Chris Harman


The impossible change

(November 1985)

From Socialist Worker Review, No. 81, November 1985, pp. 31–32.
Transcribed & marked by Einde O’Callaghan for the Marxists’ Internet Archive.

Facing Total War, German Society 1914–1918
Jurgen Kocha
Berg £15.95

The Working Class in Weimar Germany, A Psychological and Sociological Study
Erich Fromm
Berg £15

History of the German Labour Movement
Helga Grebing

ONE OF the biggest problems revolutionaries in the advanced western countries face is the near all-pervasive feeling that things simply cannot change, that nothing can break the hold of established ideas over the minds of millions of people.

It is this mood which leads former revolutionaries to develop the most ludicrous illusions in the party of Neil Kinnock.

That is why the period from 1914 to 1945 remains of crucial importance. In these years bourgeois democracy was not the ‘normal’ form of capitalist rule in major advanced countries. Both the ruling class and the majority of the population in countries like Italy and Germany came to reject bourgeois democratic forms of rule, with the ruling class endorsing the claims of the fascist right, and very large numbers of workers the hopes of the revolutionary left.

Facing total war examines the first of the key experiences which led to the breakdown of bourgeois normality in Germany, the impact of World War One.

Kocha is not a Marxist. But he is prepared to use certain Marxist categories to aid him in his presentation.

He shows how the war accentuated trends already in operation in the years before it – trends towards monopolisation in industry, the intensification of work, the development of mass production industries, the ‘proletarianisation’ of many areas of white collar work. And he also shows how, at the same time, these trends combined with the material deprivation caused by the war to create bitter opposition to the state among wide sections of the population.

This bitterness led to the revolutionary upheavals of 1918–20, and to the crystallisation of a very large revolutionary minority within the working class throughout the 1920s and early 1930s.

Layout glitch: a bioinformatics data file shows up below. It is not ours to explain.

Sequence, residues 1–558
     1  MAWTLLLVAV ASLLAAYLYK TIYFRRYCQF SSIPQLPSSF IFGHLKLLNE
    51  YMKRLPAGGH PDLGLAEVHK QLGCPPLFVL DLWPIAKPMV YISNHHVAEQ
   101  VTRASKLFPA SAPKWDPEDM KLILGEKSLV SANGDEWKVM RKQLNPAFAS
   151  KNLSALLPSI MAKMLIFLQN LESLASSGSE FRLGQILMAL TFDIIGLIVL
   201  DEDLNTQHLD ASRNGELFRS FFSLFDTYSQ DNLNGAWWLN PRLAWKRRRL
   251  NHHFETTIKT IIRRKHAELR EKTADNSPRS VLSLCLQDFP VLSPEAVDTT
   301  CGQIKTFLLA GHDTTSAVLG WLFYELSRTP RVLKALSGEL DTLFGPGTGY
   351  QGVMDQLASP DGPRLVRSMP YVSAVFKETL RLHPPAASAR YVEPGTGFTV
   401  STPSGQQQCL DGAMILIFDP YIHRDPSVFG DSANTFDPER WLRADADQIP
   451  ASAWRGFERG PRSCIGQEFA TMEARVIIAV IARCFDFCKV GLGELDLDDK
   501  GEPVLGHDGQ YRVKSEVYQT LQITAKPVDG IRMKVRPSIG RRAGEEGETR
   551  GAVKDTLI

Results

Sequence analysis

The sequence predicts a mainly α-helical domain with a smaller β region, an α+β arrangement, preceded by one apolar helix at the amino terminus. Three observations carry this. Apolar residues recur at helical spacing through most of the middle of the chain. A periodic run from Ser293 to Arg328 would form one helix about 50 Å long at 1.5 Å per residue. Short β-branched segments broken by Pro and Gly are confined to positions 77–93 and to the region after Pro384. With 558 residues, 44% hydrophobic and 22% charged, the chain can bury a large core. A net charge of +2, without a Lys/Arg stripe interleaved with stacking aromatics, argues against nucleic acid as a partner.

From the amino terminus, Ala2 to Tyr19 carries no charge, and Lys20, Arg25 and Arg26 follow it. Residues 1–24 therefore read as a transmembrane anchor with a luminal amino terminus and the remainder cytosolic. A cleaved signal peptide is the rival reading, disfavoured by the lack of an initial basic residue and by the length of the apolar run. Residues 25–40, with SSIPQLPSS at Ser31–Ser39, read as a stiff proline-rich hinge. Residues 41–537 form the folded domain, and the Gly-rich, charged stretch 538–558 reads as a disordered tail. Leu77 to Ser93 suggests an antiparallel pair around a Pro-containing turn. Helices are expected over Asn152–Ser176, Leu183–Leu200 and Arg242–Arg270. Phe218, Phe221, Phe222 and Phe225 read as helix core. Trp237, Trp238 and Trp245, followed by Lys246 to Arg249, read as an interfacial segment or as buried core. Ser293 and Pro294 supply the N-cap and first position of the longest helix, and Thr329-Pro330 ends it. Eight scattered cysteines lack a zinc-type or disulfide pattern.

One of the most interesting parts of his book is where he looks at the impact of the war on the ‘middle layer’. He shows how the old petty bourgeoisie of small businessmen and artisans were driven to the right, adopting the ‘free enterprise’ ideology of big business. By contrast, white collar workers (referred to by Kocha as the ‘new middle layer’) were, at first, attracted to the left (although not nearly as strongly as manual workers). But then, in the 1920s, the far right was able to gain ground at the expense of the left among these groups,

This is empirical backing for Trotsky’s argument that these sections of ‘middle class’ can be attracted by the working class movement when it acts decisively to change society – and by the reactionary right when the revolutionary challenge from the left falters.

The Working Class in Weimar Germany is an empirical survey of working class attitudes carried out 11 years after the war (and four years before the victory of fascism). At the time Erich Fromm was an orthodox Marxist.

He issued detailed questionnaires to a sample of workers to find out their range of attitudes over a number of topics, ranging from the directly political to those concerned with wider issues, like attitudes towards authority and views on sexual liberation.

The findings are of some interest. For his findings confirmed his view that class position determined people’s attitudes in a general sense. He found, for instance, that manual workers tended to be less authoritarian than white collar workers, and that workers in large workplaces less so than those in small workplaces. He also discovered that within the working class there was a variation in the degree to which people rejected authoritarian, conformist stereotypes. At one extreme there was a high level of rejection among activists in the Communist Party, at the other extreme a relatively low level of rejection among right wing social democrats, with supporters of the left social democrats occupying an intermediate position.

There is a weakness with his approach, however. It is static – it does not deal with how people’s attitudes are affected by the experience of different struggles and the political leadership provided to them. And so it does not deal with the most important issue of all: that of how the ‘advanced’ minority can draw the rest of the class behind it at certain points in history.

Nevertheless, the fact that there was such a minority in Germany is an important counter to liberal, social democratic and Eurocommunist claims that revolutionary ideas cannot find a wide following inside the working class. And because it shows this, Fromm’s book is worth looking at.

The same cannot be said for Helga Grebing’s History of the German Labour Movement. It sprints through 140 years of history in 200 pages, always assuming that the main mistake of the labour movement until after the Second World War was that it was influenced by revolutionary, Marxist ideas. Wide-ranging historical judgements are made without any attempt to justify them by arguments except those of ‘common sense’. In the process we are presented with ‘facts’ that simply are not true (like her picture of Rosa Luxemburg as opposing Lenin from the point of view of bourgeois democracy) and are left without any idea at all why the revolutionary left grew to be so strorig in Germany after 1918 or why the Nazis came to power in the 1930s.

Last updated on 14 October 2019